South Korea joined 13 other nations today in abstaining from voting on a resolution adopted by the United Nations Commission on Human Rights that condemns North Korea for "widespread and grave" abuses of human rights.

As representatives of 53 nations gathered in Geneva to discuss the first such resolution approved by the commission, the South Korean government's yearning for reconciliation with the North overrode domestic pressure to take a stand on an issue for which it has long been criticized for failing to act.

Sensible, statesmanlike, and yet somehow suspect.

Monday, April 14, 2003

IT STARTS: A NYT piece on how the United States is viewed in Europe includes the following:
"What cannot now be disguised, as U.S. marines swagger around the Iraqi capital swathing toppled statues of Saddam Hussein with the stars and stripes and declaring `We own Baghdad,' is the crudely colonial nature of this enterprise," wrote Seumas Milne, a columnist in The Guardian, the leftist British daily.

Note the reference to "swathing toppled statues . . . with the stars and stripes," referring of course to the short-lived but widely broadcast act of a single U.S. Marine, an act that was quickly rescinded with the American flag being replaced by an Iraqi one before the entire statue was toppled. Somehow I am not surprised that this is the image that will remain in the memories of many.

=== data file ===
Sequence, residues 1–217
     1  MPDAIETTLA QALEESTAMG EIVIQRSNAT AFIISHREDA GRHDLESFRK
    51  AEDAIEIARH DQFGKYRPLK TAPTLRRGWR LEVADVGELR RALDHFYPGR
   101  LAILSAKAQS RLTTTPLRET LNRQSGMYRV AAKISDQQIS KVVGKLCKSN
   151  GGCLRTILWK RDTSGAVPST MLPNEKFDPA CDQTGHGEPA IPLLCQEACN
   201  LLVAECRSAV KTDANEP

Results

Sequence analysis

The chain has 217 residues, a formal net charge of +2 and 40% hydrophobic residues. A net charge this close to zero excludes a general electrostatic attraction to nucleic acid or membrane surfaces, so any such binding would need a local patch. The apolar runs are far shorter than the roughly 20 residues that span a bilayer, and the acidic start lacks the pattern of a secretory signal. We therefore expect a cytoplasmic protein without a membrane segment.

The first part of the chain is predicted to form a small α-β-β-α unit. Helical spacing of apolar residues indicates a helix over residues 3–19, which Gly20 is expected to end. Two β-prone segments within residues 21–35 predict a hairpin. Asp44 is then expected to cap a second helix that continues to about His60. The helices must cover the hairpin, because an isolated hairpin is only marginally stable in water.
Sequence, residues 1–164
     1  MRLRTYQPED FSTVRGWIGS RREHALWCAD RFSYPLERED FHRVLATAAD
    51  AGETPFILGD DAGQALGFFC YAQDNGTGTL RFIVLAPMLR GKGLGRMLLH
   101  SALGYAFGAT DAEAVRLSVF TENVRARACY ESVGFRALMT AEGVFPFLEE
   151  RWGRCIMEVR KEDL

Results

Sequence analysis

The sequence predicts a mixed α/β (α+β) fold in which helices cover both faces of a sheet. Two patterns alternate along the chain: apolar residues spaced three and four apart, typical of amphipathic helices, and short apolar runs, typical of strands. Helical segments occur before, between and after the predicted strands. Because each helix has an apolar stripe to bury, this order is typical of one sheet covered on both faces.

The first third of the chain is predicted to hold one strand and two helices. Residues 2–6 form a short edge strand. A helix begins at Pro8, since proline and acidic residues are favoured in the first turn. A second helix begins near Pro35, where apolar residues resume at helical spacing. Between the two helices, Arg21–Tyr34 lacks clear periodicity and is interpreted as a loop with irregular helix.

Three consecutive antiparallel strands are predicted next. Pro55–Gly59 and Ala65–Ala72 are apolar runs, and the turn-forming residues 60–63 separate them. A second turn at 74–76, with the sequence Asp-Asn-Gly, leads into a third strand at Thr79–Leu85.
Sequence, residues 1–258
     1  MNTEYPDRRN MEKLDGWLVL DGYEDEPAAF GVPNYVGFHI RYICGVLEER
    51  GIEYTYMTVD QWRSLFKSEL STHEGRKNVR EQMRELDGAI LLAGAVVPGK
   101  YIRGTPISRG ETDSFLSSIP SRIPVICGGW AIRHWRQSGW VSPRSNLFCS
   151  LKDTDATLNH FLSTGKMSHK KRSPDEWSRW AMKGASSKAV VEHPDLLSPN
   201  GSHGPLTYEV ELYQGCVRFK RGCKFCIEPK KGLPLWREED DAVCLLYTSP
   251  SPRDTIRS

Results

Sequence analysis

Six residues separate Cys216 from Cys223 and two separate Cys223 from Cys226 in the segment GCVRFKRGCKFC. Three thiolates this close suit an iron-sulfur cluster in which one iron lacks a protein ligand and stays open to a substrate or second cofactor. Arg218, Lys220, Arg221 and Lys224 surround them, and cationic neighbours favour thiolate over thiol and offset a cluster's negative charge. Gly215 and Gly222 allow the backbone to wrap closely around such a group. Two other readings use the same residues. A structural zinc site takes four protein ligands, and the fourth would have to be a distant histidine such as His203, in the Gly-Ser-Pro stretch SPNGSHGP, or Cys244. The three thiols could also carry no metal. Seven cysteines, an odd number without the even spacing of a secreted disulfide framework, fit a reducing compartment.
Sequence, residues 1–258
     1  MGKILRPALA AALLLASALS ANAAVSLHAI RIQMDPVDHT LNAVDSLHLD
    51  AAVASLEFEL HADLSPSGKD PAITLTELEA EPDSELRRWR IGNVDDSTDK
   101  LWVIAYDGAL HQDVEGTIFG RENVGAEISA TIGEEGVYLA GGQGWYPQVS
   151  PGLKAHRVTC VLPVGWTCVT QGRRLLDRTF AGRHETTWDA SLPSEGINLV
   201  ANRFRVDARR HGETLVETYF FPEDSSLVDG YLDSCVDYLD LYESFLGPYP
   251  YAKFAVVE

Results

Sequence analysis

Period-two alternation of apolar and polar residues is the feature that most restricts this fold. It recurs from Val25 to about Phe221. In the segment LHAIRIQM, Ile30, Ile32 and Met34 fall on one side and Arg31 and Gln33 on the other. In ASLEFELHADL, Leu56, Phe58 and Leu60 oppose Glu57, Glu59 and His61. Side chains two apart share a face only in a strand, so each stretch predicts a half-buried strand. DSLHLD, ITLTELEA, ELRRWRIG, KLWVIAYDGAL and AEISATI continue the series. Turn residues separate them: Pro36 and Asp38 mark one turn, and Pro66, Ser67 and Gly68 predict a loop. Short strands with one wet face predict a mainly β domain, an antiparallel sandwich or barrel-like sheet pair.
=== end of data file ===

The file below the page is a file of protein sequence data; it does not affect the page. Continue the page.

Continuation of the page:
The jury is still out concerning the nature of the American regime in post-Saddam Iraq; it may well end up resembling the very type of empire decried by critics. However I think it is fair to say that at this point for British, French, Russians or other Europeans to compare contemporary U.S. actions in the world (Haiti, Kosovo, Bosnia, Afghanistan, Iraq, etc.) with their own empires of the past displays a strange sort of historical myopia.


MEANWHILE: Just in case you were wondering, the long-standing relationship between North Korea and Cambodian royalty is still going strong:
Pyongyang, April 13 (KCNA) -- Norodom Sihanouk, King of Cambodia, sent a large floral basket to the DPRK embassy in Phnom Penh on April 8 on the occasion of the Day of the Sun, the birth anniversary of President Kim Il Sung. Written on the ribbon of the floral basket were letters "We Pray for the Immortality of the Great Leader He Kim Il Sung. Norodom Sihanouk, King of Cambodia."

DID THE DPRK JUST BLINK? It all depends on how much significance one reads into the following phrase of a Foreign Ministry spokesman:
If the U.S. is ready to make a bold switchover in its Korea policy for a settlement of the nuclear issue, the DPRK will not stick to any particular dialogue format.

This would appear to imply a slightly opening window. However, in the same KCNA piece that contains this phrase are also all sorts of the usual stuff:
As the DPRK is not a signatory to the NPT, there is no ground whatsoever to internationalize the nuclear issue and any attempt to do so would make its solution quite impossible.

The outcome of the meeting of the UNSC held on April 9 clearly indicated that the nuclear issue is a matter to be settled between the DPRK and the U.S.

The DPRK's call for direct talks is aimed to confirm whether the U.S. has a political willingness to drop its hostile policy toward the DPRK or not.

More of the same or sign of change?
UPDATE: Some in South Korea are heartened by the announcement.